Forecasters predicted that by Friday, Hurricane Lee, which has gained the strength of a category four storm with winds of up to 130mph (215 km/h), might become the first category five hurricane of the Atlantic season.
The 12th named storm of the Atlantic hurricane season — lasting from June to November — Lee rapidly strengthened from a category one storm within hours. Based on its present path, Lee is not anticipated to make landfall.
“Additional strengthening is expected tonight,” said the US National Hurricane Center (NHC) at 17:00 EDT (21:00 GMT) on Thursday.
With Lee presently 780 miles east of the northern Leeward Islands, the point where the Caribbean joins the Atlantic Ocean, the NHC forecasts severe surf and rip currents to reach the northern Caribbean by Friday, Puerto Rico, and the US east coast by Sunday.
US President Joe Biden was briefed with updates on the hurricane, which follows Hurricane Idalia, the most violent storm ever to strike Florida.
Additionally, Tropical Depression 14 has turned to Tropical Storm Margot, which will continue to linger over open water but intensify throughout the weekend. While this is happening, Hurricane Jova, a category five to four storm, has moved significantly farther out into the Pacific Ocean.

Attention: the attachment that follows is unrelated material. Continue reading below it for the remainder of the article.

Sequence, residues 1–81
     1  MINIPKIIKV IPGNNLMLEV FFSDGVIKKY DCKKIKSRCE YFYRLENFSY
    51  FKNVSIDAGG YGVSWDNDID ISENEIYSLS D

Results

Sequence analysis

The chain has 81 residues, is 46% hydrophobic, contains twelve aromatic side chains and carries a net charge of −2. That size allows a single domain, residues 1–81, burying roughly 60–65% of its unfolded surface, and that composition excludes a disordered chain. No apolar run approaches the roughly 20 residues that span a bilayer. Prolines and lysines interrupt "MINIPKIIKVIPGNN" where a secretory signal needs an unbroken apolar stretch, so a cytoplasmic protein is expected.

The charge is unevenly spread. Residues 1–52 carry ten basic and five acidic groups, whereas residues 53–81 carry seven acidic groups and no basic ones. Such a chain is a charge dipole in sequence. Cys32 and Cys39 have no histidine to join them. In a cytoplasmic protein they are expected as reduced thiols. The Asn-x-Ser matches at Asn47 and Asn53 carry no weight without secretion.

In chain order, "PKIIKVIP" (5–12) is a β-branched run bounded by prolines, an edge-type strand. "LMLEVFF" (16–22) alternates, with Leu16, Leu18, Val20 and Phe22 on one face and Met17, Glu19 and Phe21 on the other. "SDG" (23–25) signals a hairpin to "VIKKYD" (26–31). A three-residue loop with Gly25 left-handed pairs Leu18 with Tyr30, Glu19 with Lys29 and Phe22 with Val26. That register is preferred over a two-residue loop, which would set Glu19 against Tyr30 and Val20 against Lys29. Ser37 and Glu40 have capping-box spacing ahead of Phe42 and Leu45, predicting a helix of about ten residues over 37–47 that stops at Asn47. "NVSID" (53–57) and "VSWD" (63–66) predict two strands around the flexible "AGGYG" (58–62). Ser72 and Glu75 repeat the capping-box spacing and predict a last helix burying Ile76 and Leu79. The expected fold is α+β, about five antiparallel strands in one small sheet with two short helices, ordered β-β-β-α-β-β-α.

The storm, originating from southwestern Mexico, is not expected to make landfall either during the 2023 Atlantic hurricane season, which is expected to be more active than average.
Extreme weather has become a frequently occurring event globally over the past few years, especially after a drastic and constant rise in human-induced climate change.
Extreme record-breaking heatwaves across Europe, Asia and the US made 2023 the hottest year since it was first recorded and has resulted in record deaths throughout the year.
Additionally, torrential rains have resulted in flash floods across the world and have also caused much damage and casualties.
Although it is still uncertain how climate change may affect the frequency of tropical storms, rising sea surface temperatures will warm the atmosphere above and provide hurricanes with more fuel.
They consequently have a higher likelihood of intensifying with more severe rainfall.